through programmes in agriculture, business, jobs and training.

Why only Sabah State government interested in eradicating Hardcore Poverty?

There is no attempt at all to eradicate poverty only Hard core
poverty, so how can poverty be eradicated.

Worst, Sabah state govenment is almost bankrupt, and yet it is the
only body that is interested. The Malaysian(Malayan) government is
not interested at all, despite getting most of the revenue that Sabah
produces, as a result of the generosity of Sabahan BN puppet
government in surrendering all its resources contrary to the Malaysian

Sabah not poorest state

Posted on November 15, 2010, Monday

KOTA KINABALU: The State Economic Planning Unit (EPU) of the Chief
MinisterÕs Department has refuted the news report that Sabah is the
poorest state in the country, saying poverty rate in the state was
reduced from 24.2% in 2004 to 16.4% in 2007.

In a rebuttal issued yesterday, the State EPU said the World Bank had
acknowledged in its Inclusive Growth report on 10 Nov that between
1976 and 2004, the State and Federal Government had made great strides
in poverty reduction, so much so that the number of poor households in
Sabah had been reduced from more than 50% in 1976 to 24.2% by the end
of 2004.

ÒThese are facts which are borne out by official statistics based on
the Household Income Survey (HIS) which is carried out at periodic
intervals by the Department of Statistics.

ÒThe Sabah State EPU also wishes to state the fact that based on the
Household Income Survey, the State Government under Datuk Seri
Panglima Musa Haji Aman had successfully reduced the incidence of
household poverty in Sabah from 24.2% in 2004 to 16.4% in 2007.

ÒIf not for the ensuing financial crisis in 2008 and 2009 and the
resultant increase in the prices of many essential items such as food
and transportation due to the reduction in fuel subsidies, the Sabah
EPU is confident that the incidence of household poverty would have
been reduced much further.

According to the State EPU, the mean monthly gross income of Sabahans
had at the same time increased from RM2,593 in 2004 to RM3,102 in
2009, a very respectable average growth of 5.3% annually for the
period 2004-2009, which is better than many states in Malaysia.

Meanwhile, income distribution data from the HIS also indicated that
for the same period the number of Sabahans enjoying income of between
RM1,000 to RM1,999 had increased substantially by 2009.

The Government is targeting to totally eliminate hardcore poverty by
the end of this year.

ÒIt is regrettable that certain people have chosen to ignore the fact
that even in developed countries, by their own standard measure of
poverty, a substantial proportion of their population remains poor,Ó
it said.

ÒFor example, the CIA World Fact Book, an often cited reference
document, has stated that in 2004, 12% of the population of the United
States and 14% of that of the United Kingdom in 2006 live below their
respective poverty line and thus classified as poor.

ÒDo these make United Kingdom and United States poor countries or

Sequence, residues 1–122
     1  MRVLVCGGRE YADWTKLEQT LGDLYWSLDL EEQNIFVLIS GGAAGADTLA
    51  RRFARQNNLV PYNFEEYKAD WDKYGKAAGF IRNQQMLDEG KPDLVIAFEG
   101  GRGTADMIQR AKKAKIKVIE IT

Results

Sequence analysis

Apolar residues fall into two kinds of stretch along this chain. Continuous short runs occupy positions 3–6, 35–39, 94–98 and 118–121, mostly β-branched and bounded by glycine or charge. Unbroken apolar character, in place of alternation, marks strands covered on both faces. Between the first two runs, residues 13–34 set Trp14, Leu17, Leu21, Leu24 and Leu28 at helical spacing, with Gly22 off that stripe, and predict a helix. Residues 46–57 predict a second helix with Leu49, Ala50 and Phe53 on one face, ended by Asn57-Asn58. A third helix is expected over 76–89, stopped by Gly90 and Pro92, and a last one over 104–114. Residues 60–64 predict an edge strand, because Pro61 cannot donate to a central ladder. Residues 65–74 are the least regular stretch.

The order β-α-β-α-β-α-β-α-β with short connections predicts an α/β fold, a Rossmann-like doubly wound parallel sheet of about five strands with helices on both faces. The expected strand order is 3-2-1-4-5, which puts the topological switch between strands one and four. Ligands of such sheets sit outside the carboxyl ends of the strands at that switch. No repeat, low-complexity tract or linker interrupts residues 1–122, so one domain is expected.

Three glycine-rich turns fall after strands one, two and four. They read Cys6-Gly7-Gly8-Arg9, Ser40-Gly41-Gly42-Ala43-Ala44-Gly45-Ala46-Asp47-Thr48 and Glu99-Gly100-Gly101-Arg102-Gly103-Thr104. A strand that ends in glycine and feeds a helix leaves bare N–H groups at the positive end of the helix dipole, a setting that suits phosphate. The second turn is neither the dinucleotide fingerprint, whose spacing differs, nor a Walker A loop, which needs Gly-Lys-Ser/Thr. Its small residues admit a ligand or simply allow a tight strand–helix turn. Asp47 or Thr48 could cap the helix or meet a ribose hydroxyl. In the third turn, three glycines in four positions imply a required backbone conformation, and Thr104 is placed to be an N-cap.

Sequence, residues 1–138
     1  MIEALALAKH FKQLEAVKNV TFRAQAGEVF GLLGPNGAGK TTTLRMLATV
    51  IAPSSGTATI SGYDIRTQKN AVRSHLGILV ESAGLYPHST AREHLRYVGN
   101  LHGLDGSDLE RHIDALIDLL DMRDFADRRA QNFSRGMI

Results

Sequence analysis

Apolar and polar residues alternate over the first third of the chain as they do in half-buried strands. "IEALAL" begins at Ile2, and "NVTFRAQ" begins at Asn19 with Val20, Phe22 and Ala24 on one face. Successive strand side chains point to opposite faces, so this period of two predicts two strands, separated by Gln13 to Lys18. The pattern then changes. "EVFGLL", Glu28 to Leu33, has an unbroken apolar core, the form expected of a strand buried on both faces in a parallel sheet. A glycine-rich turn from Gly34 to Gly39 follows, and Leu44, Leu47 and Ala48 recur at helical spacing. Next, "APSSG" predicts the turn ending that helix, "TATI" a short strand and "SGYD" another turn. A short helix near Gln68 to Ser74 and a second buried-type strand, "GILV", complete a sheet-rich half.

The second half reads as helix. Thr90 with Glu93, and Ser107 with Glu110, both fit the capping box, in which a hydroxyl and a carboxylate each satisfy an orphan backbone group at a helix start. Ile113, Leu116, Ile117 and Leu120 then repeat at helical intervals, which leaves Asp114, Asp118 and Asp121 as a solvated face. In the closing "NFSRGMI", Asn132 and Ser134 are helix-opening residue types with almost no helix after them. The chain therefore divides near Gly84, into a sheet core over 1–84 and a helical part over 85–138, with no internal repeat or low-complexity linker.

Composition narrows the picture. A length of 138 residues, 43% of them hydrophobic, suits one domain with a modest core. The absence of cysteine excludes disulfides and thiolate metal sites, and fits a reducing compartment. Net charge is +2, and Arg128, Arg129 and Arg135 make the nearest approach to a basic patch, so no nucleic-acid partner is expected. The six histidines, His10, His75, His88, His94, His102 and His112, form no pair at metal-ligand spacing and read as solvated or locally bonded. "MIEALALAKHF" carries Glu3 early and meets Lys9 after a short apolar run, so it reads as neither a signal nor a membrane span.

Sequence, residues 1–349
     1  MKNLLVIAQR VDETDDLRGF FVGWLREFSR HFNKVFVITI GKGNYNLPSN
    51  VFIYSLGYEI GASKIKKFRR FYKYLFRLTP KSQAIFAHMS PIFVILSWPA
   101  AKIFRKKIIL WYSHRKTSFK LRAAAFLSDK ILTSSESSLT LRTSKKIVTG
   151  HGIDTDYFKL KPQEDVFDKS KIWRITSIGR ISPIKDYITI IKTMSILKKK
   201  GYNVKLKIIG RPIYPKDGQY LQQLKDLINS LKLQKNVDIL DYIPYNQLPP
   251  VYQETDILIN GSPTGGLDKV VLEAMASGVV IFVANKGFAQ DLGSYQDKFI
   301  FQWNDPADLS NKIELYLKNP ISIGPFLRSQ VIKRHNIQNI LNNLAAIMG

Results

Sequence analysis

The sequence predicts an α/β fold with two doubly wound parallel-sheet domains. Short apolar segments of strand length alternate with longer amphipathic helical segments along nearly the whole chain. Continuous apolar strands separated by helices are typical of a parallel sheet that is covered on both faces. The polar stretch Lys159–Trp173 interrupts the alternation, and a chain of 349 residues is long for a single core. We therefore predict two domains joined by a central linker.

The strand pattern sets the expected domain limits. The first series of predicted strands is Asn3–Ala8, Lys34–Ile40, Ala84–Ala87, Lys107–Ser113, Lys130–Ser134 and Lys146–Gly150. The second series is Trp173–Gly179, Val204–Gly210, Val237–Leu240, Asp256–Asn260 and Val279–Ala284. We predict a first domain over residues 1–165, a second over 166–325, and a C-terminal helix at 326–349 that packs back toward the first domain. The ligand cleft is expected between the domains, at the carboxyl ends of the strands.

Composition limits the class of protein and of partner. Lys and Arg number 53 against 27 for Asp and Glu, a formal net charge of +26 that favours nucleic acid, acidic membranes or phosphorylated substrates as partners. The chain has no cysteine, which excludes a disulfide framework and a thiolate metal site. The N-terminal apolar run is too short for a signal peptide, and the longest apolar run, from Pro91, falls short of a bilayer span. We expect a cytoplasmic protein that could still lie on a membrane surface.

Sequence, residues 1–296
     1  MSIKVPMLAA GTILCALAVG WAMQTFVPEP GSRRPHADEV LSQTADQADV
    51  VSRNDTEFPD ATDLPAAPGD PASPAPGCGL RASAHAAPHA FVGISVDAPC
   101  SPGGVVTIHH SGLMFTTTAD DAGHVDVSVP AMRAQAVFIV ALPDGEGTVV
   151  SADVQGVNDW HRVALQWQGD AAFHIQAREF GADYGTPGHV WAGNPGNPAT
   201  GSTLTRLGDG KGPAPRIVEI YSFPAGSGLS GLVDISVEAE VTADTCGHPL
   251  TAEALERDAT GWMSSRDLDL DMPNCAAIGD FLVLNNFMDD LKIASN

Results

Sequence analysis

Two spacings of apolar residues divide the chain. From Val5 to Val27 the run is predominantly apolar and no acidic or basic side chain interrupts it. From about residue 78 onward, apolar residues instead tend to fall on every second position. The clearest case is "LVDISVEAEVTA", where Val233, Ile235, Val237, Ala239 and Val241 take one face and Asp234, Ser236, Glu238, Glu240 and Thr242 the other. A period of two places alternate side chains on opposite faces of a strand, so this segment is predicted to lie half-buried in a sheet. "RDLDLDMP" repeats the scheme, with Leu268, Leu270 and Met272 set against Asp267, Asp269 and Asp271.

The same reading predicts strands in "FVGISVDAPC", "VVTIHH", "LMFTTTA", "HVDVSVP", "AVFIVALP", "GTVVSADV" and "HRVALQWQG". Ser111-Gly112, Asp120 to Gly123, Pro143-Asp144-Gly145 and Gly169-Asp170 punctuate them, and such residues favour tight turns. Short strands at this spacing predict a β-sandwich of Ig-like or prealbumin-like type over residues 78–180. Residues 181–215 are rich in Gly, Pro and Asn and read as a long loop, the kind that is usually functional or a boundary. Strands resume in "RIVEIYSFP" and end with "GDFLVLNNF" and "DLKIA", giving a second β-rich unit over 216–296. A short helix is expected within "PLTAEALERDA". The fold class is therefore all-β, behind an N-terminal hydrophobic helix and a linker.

poorest amongst the developed countries which perform better than them?

The State EPU said the World Bank team in the course of the
preparation for the Inclusive Growth report had made a working visit
to Sabah in September 2010 and had had discussions and consultations
with a cross section of individuals and groups in Sabah both from the
private and public sector including academics and NGOs.

ÒThe World Bank team had also visited and assessed the state poverty
eradication programmes such as projects under the Mini Estate
Sejahtera (MESEJ) program and the microcredit scheme under Yayasan
Usaha Maju, a State Government agency providing small loans to the
poor and low income group especially women to allow them to do small
scale businesses and economic activities that can provide sustainable
incomes for them and their families.

ÒIt is a fact that the World Bank was impressed with these programmes,
the tremendous success in the reduction of poverty in Sabah and the
State GovernmentÕs dedication and continuing efforts to eradicate
poverty in Sabah.Ó

It said that other than the poverty eradication programmes mentioned
earlier such as MESEJ, the State Government is presently undertaking
many other poverty programmes aimed at not only raising the income of
the poor but also ensuring a better quality of life for poor families
in both rural and urban areas especially in housing, education and

The State Government has embarked on the implementation of the
AGROPOLITAN projects in areas with pockets of poverty in Sabah such as
Banggi, Pitas, Tongod, Kota Belud, Tenom and Sook/Nabawan under the
9th Malaysia Plan.

On completion these Agropolitan projects would significantly
contribute to reducing poverty further in Sabah.

Likewise, the Federal Government had also embarked on the
implementation of the six National Key Results Areas (NKRAs)

One of these is the NKRA pertaining to the development of Rural Basic
Infrastructures in Sabah.

The plan calls for the construction of 1,020 kilometres of rural
roads, provision of electricity and water supply to ensure that 95%
and 90% of rural folks in Sabah obtain these services, and